Tuesday, December 23, 2014

Therapy as ministry

published Sept 1, 2014, MST

It won’t be a stretch to think of behavioral therapy as an expensive option, available only to families of children with special needs who have more than enough for life’s basic necessities.
The reality, however, is that many young Filipinos of limited or average means also have special needs. They need help with their everyday struggles, and guidance as they face an uncertain future.
With its small and spartan office in a building near Monumento Circle in Caloocan, Shaping Milestones Learning Center ventures to do its part, one branch at a time.
SMLC is a behavioral therapy center; this branch, which opened just this June, is the eighth in a chain of branches in Cavite, Batangas, Manila, Quezon City and Valenzuela.
The center is driven by 26-year-old Cheng Bondoc, a psychology graduate from the Polytechnic University of the Philippines. He and five of his friends from the same college put their heads together and started this venture-advocacy of sorts.
It’s a Sped center, in a sense, but it is not a school. Its students, 11 so far in this branch, are enrolled in “regular” elementary or high schools but need intervention to help them cope with formal education’s multi-faceted demands. The kids have varied special needs, ranging from Autism Spectrum Disorder, mental delay, Attention Deficit Disorder, and Learning Disabilities.
The people behind this branch— Bondoc and at least four behavioral therapists—like to think of themselves as the “support group” for these children. While some of their branches are stand-alone, some are in partnership with schools who must deal with the special needs of some students in their population.
“Here, we seek to address all the domains: psychomotor, cognitive, communication and socialization,” Bondoc says, emphasizing the center’s “People Matter Most” philosophy.
According to Bondoc, their team is heavy on research, making sure that the methods they employ are up to date with recent trends and practices. These days, they are exploring what they term “digital behaviorism”—whether technology tools could complement face-to-face interaction with therapists in eliciting behavior improvement among the children.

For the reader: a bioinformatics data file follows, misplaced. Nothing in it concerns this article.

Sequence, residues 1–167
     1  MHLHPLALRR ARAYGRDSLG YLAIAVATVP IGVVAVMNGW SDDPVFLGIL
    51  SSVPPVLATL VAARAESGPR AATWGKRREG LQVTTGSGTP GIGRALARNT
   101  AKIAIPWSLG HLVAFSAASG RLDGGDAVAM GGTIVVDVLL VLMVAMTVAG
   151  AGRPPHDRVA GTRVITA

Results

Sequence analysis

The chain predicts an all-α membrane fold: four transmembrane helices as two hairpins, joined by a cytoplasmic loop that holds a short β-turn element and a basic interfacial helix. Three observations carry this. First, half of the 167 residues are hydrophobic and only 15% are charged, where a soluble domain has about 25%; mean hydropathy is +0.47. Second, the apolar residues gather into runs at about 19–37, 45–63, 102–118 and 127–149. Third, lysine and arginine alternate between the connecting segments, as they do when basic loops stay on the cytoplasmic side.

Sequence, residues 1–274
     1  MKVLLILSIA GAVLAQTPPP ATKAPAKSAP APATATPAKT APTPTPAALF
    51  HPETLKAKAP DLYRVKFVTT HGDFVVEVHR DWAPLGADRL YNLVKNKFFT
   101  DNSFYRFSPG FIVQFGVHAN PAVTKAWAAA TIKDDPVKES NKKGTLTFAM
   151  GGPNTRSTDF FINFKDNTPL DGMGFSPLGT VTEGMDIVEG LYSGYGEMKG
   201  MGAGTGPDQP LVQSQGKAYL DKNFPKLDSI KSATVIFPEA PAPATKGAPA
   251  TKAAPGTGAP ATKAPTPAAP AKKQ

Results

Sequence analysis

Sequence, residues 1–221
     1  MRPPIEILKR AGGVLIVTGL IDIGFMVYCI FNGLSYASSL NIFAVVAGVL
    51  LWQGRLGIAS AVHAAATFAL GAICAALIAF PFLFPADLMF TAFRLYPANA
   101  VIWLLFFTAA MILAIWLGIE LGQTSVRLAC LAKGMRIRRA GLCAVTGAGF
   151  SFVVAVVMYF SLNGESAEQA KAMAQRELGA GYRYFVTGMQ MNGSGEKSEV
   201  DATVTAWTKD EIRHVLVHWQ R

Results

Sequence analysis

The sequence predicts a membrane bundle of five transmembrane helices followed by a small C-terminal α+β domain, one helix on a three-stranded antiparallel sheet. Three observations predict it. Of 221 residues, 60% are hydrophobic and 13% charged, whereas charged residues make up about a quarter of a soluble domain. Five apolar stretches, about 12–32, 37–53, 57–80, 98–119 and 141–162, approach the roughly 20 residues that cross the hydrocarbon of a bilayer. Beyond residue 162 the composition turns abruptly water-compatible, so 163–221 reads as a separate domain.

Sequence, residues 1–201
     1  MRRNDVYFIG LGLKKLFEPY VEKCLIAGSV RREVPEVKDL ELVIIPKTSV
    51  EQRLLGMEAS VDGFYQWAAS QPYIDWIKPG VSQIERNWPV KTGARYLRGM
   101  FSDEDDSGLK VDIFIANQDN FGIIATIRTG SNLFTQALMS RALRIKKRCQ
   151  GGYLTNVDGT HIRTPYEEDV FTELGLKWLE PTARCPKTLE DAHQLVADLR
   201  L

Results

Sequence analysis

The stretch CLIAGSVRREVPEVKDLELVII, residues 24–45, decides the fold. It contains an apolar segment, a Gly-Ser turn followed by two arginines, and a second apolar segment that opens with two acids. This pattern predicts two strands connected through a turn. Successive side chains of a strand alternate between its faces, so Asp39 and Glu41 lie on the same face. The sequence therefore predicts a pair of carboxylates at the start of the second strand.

Of course, behavioral therapist Bing Banares says, various methods generate different responses from different kids.
Children with special needs face a challenging future, because their academic and eventually their career options may be limited. They may thrive in activities with little to no socialization required such as the work of computer programmers or librarians. Make no mistake, however, some of them do very well in school and manage to get into the honors list.
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And then, there is economics. These special conditions are not limited to those who can afford regular (i.e., pricey) treatment.
SMLC works with this premise. This is why the payment schemes they have designed are on a per-session basis, Bondoc explains. While they emphasize that at least two sessions are needed by each child every week, they do not impose agreements whereby children must stay with SMLC for any length of time. They are free to continue as long as they note improvements, and they can stop when they don’t.
Sometimes, free sessions are given to those who cannot afford to keep up with the payments, especially if they have been students for a long time.
Business is a fact of life, sure. But in this respect, work is seen not as a means to rake in profits but as a way to reach out to children with conditions that cannot be cured, only managed.
Bondoc was in his junior year in college when he became exposed to children with special needs. Banares, on the other hand, decided to make Sped her advocacy after her stint as guidance counsellor at a private school in Manila.
Both agree that their involvement with children with special needs gives them a different kind of fulfillment. “The therapy sessions don’t just change the children. They also change us.”
Being in special education means never giving up. “Eventually you see small improvements. Kids begin to talk even after their parents have become resigned to the fact that they are not going to,” according to Bondoc. He adds that parents must not think of their kids, not as sick, but just different.
“Parents must be thankful of the little things they find in their kids. At the same time, they should not be content with these little achievements. May aabutin pa sila.”
Ultimately, the challenge is how to be soft—to be loving and understanding under difficult circumstances when it would be easy to be tough, or give up altogether. “Soft is the new hard,” according to Bondoc. “Our work with these children who really cannot give us anything in return teaches us, and well, what unconditional love is.”

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